Parsha Potpourri: Parshas Vayikra


Adam ki yakriv mi’kem korban l’Hashem (1:2)

In the times of the Beis HaMikdash, a person who sinned at least had the comfort of knowing that he could bring a sacrifice to complete the atonement process prescribed by the Torah. In the absence of this option, how can a contemporary person fully repent and cleanse the effects of his transgressions?

The Mabit offers us a tremendous consolation. He writes that in the times of the Temple, when Hashem’s presence could be tangibly perceived, the ramifications of sin were correspondingly greater, thus necessitating the offering of a sacrifice to fully purify oneself from its spiritual damage. Since its destruction, we have been living in an era in which Hashem’s Providence is subtly hidden.

While this makes it more difficult to feel and recognize His constant presence, it also effected a change in the amount of spiritual destruction caused by sin. Because a transgression doesn’t cause as much damage as it once did, the bringing of a sacrifice is no longer required to earn complete forgiveness. Atonement may now be fully accomplished through the other steps of the repentance process, namely correcting one’s ways, confessing the sin, and accepting upon oneself never to do so again.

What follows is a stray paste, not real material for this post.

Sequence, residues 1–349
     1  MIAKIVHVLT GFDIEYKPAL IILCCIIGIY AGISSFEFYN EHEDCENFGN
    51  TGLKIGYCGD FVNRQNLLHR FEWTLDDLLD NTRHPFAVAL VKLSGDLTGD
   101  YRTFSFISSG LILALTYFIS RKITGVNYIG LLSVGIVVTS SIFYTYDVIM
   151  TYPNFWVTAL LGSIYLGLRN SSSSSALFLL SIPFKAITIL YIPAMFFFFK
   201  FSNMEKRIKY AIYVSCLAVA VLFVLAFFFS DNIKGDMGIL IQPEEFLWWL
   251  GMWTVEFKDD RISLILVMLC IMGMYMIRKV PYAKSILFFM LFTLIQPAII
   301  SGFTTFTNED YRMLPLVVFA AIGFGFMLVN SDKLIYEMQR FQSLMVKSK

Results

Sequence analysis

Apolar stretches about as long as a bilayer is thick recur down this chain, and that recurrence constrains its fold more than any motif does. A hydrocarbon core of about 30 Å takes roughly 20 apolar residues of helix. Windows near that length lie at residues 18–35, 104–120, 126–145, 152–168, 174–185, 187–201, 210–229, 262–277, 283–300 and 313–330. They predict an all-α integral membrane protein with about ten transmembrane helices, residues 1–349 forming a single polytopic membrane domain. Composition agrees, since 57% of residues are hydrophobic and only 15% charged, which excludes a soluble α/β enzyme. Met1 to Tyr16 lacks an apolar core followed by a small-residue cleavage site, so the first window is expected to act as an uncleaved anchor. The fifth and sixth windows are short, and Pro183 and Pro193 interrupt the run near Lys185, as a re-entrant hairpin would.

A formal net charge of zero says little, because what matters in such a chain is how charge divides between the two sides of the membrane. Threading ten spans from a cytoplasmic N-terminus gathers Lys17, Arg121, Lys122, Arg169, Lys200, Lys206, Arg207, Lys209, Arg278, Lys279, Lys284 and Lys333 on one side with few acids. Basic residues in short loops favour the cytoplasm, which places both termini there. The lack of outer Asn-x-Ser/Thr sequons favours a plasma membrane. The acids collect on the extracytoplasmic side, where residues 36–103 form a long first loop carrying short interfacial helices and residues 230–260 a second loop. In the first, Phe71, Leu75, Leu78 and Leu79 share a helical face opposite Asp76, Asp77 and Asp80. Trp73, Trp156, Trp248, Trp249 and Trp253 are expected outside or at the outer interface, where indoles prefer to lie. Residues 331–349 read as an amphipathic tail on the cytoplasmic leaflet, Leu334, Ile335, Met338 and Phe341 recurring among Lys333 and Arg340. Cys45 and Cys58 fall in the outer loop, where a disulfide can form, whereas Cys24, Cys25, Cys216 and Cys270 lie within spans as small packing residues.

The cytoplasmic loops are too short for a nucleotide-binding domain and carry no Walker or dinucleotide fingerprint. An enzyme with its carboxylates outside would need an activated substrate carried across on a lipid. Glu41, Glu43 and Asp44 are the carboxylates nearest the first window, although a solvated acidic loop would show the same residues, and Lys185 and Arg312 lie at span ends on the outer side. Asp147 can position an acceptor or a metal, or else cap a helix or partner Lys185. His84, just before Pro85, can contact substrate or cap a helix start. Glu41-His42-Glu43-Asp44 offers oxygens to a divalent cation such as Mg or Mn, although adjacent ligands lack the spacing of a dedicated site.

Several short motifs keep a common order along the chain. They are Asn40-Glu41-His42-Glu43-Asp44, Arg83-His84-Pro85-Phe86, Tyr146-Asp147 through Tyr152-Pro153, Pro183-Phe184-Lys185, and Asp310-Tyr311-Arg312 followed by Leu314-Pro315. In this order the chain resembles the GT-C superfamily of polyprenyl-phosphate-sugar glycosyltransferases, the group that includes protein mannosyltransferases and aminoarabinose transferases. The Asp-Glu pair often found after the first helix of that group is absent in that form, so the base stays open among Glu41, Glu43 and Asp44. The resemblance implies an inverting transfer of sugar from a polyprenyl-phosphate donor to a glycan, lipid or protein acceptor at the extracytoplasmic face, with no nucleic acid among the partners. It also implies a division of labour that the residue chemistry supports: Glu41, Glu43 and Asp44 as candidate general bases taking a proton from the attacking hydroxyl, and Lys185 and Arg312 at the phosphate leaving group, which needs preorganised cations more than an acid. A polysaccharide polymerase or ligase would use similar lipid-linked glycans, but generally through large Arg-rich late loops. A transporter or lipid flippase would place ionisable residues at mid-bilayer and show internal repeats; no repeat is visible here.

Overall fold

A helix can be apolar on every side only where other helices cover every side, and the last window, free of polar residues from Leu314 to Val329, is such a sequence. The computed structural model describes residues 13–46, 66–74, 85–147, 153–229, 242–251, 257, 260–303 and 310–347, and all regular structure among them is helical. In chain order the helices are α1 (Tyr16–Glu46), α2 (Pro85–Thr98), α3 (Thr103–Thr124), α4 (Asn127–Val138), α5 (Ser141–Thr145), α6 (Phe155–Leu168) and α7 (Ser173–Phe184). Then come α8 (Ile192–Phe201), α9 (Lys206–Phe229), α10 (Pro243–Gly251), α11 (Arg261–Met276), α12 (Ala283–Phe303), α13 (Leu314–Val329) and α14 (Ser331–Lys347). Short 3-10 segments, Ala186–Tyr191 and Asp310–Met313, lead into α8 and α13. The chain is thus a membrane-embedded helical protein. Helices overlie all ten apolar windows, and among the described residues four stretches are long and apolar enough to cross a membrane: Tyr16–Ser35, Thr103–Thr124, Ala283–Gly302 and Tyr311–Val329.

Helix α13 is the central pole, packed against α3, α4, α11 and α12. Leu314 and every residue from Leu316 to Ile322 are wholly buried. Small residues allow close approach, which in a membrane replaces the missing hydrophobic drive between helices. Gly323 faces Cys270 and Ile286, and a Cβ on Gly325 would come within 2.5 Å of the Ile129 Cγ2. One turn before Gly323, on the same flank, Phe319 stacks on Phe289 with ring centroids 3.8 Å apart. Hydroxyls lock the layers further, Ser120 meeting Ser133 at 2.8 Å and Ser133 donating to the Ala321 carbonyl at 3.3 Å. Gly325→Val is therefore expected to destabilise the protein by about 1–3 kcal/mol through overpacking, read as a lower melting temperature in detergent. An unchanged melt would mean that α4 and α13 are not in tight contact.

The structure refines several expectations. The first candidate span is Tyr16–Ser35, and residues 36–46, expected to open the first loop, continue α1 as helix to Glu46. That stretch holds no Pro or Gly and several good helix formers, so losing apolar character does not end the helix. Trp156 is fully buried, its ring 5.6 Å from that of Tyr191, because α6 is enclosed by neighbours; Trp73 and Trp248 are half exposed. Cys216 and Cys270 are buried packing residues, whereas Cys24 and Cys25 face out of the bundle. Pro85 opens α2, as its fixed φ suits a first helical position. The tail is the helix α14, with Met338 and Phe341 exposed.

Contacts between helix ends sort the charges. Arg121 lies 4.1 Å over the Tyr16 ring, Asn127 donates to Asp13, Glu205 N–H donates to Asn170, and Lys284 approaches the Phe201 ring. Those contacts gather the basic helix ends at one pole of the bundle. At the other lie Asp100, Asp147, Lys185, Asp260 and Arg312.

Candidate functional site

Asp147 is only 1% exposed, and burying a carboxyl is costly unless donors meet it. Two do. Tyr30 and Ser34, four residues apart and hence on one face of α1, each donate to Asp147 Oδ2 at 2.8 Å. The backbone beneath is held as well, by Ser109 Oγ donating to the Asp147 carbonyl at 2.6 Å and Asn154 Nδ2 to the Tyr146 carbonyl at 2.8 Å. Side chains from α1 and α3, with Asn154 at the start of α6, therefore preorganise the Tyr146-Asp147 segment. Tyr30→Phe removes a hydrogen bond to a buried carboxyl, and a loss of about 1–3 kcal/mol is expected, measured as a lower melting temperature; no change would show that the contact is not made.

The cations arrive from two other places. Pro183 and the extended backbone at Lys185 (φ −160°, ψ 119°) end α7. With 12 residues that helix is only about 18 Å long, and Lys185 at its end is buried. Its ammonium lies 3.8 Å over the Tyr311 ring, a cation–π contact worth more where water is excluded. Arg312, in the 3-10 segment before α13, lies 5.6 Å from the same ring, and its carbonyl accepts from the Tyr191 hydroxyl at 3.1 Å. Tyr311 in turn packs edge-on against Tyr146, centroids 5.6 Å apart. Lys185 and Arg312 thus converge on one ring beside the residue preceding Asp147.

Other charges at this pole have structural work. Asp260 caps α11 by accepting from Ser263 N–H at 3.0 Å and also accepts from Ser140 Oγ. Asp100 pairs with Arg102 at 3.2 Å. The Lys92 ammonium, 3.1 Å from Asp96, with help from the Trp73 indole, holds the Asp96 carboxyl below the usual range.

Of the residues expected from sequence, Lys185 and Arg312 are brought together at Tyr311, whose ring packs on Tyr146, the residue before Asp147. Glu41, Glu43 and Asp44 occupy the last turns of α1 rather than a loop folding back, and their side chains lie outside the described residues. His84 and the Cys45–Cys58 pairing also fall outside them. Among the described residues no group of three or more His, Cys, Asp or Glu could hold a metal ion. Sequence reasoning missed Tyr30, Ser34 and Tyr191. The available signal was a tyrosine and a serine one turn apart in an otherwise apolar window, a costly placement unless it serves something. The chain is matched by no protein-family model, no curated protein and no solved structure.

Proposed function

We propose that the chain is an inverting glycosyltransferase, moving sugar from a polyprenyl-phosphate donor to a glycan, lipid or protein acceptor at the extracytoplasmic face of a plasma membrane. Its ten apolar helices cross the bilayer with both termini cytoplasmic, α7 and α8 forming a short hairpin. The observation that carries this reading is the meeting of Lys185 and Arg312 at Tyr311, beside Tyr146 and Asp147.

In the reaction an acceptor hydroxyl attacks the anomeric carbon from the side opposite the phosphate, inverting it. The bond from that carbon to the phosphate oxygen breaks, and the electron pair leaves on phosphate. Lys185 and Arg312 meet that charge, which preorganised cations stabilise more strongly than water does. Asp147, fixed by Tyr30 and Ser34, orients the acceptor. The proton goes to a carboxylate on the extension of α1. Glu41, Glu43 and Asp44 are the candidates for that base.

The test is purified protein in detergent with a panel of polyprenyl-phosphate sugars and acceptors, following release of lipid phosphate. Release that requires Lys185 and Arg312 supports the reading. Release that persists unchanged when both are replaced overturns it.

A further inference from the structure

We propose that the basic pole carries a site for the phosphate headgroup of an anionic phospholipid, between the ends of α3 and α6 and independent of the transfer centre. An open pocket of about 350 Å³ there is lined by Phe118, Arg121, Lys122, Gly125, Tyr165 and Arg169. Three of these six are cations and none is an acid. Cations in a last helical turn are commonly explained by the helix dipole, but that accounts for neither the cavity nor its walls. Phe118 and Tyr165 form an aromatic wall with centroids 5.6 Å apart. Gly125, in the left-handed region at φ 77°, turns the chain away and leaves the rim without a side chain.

V’im nefesh achas techeta bish’gaga me’am ha’aretz ba’asosa achas mi’mitzvos Hashem asher lo sei’asena v’asheim (4:27)

Our verse introduces the laws governing the Korban Chatas (Sin-Offering) which must be brought by a person who sins unintentionally. Why does the Torah require a person to receive atonement for an action which was completely accidental?

An insight into resolving this difficulty may be derived from a story about Rav Yisroel Salanter. On one of his travels, Rav Yisroel was in need of money and requested a loan from one of the local townsmen. Because the man didn’t recognize him, he was suspicious of the request and demanded collateral to avoid being swindled. Some time later, Rav Yisroel encountered that same man carrying a chicken, seeking somebody to ritually slaughter it for him. The man approached Rav Yisroel and asked if he could do so.